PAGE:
The Scolio-Core Muscles
Finding suitable core exercises can be daunting for those living with scoliosis. It’s not just about what exercises to do but also understanding which ones to avoid or modify to prevent the progression of your curve or trigger pain. In this post, we’ll delve into the dos and don’ts of scoliosis core exercises, focusing on maintaining a well-aligned (neutral) scoli-spine and why this is crucial for spinal health.
What is neutral spine?
A neutral spine is a position where the head, shoulders, and pelvis are aligned and balanced. It’s the safest position for the spine, especially for those with scoliosis. Deviating from this alignment through flexion, extension, side flexion, or rotation can put undue stress on the spine – not just on the joints, but the bones themselves.
Your Scoli-Core safe.
Some popular, go-to core exercises are not recommended for those of us with interesting spines – aka, scoliosis. Here’s why:
- Crunches and Repetitive Flexion: A common exercise, crunches involve rounding the upper back, creating compressive forces on the spine. For those with scoliosis, this can intensify pressure on your vertebrae, which can contribute to discomfort, pain
- Side Flexion with or without Resistance: Exercises like standing side flexions with dumbbells may seem helpful, but they can actually increase compression on the curved side of the spine. There’s also a risk that one side of the body may work harder than the other, further contributing to muscular and imbalance of the spine.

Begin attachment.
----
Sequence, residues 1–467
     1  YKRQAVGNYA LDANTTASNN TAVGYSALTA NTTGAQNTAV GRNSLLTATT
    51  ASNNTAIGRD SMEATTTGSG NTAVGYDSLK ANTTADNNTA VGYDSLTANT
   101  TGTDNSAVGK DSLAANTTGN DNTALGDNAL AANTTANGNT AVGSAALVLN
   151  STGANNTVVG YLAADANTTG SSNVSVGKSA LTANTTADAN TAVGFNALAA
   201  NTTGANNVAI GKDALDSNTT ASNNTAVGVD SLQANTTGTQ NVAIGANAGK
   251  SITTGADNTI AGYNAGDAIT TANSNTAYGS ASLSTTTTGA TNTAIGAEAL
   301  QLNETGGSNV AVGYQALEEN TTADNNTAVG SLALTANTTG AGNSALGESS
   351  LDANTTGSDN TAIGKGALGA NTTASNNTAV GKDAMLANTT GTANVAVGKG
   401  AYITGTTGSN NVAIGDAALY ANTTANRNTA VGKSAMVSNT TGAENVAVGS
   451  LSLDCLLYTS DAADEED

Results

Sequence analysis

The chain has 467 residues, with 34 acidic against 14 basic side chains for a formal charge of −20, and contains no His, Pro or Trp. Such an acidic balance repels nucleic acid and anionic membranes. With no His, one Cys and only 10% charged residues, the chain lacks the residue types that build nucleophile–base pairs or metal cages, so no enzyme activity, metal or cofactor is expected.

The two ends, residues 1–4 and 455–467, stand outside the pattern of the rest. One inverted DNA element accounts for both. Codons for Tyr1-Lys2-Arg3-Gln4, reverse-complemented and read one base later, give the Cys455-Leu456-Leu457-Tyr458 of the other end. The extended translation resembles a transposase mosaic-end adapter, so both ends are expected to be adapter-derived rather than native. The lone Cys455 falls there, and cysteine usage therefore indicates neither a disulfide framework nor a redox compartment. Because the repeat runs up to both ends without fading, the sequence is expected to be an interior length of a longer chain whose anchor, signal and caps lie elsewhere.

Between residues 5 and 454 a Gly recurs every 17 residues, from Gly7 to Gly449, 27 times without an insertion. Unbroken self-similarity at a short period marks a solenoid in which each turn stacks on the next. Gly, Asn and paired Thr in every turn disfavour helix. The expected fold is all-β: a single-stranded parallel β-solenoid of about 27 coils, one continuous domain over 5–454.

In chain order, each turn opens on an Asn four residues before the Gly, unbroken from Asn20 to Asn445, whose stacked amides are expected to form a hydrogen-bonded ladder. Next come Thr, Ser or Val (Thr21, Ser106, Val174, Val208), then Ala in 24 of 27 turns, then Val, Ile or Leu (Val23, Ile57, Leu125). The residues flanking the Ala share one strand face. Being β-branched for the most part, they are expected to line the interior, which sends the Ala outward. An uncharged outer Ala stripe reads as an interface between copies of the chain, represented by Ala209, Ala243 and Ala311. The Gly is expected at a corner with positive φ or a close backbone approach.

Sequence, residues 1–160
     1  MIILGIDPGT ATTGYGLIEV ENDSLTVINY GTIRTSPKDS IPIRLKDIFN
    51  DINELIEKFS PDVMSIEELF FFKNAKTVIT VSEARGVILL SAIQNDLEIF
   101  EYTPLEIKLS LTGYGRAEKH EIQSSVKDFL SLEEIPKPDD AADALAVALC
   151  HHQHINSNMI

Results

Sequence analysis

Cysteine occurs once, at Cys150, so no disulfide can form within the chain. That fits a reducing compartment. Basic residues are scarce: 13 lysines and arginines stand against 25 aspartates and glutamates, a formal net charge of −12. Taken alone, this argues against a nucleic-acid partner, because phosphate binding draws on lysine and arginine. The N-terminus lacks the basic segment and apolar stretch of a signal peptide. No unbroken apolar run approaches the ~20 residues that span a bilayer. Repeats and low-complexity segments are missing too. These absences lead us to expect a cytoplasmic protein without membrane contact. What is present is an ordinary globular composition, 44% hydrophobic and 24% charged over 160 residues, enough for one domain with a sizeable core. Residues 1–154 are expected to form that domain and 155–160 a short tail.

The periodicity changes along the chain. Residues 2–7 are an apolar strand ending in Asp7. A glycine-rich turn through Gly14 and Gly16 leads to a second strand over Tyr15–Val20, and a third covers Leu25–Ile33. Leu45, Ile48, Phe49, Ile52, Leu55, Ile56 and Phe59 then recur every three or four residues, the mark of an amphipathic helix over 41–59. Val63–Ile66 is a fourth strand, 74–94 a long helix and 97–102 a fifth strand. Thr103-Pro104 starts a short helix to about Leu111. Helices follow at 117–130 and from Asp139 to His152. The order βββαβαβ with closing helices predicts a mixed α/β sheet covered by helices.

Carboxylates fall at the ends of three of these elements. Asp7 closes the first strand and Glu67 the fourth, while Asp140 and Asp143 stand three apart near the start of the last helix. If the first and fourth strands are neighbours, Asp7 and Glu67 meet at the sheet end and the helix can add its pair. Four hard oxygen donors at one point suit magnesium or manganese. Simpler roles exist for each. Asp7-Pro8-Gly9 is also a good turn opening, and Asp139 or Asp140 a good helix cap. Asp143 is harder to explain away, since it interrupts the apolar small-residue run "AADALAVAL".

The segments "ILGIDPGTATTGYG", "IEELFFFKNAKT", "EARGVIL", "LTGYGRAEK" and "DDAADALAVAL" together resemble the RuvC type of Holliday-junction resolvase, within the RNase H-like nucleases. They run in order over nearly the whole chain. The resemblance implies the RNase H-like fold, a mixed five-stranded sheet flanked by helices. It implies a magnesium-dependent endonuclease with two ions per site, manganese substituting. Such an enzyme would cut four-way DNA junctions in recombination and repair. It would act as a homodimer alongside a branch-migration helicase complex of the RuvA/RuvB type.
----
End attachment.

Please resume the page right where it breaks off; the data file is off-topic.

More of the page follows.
- Resistant Rotation Movements: Exercises like standing rotations with cables or bands are often misunderstood as beneficial for scoliosis. However, they lack specificity and can lead to excessive movement in more mobile spinal segments, resulting in discomfort or pain.
However, many exercises are scoliosis-safe and can give you the core strength you are looking for, especially when you are in your corrections.
- Sleepy Flamingo: With Sleepy Flamingo, we have all the support and added control of the floor and our Scolio-Wedges. With our alignment perfect, we lift a single leg. Why is this so powerful? Because legs are heavy! And when that single leg lifts, our core engages like a superhero. But not just that, our spine and hip muscles are engaging also.
- Side Plank: This exercise targets the muscles along the sides of the abdomen, particularly the obliques and muscles in the lower back. It helps strengthen these muscles to help balance the forces on either side of the spine. Side plank is a low-impact exercise that does not place excessive pressure or stress on the spine, making it suitable for individuals with scoliosis who might experience discomfort with high-impact or compressive exercises.
- Muscle cylinder: When you are ready to step up the challenge, Muscle Cylinder is waiting for you. It’s more challenging because you have to hold all those corrections yourself – no floor, no wedges.
Give those exercises a try and let us know how it feels. By understanding and respecting your body’s limits, you can maintain an active lifestyle while managing scoliosis effectively. Remember, the key is balance and careful consideration of your unique curve. Stay active, stay informed, and, most importantly, listen to your body. It’s the best guide on your journey to wellness with scoliosis.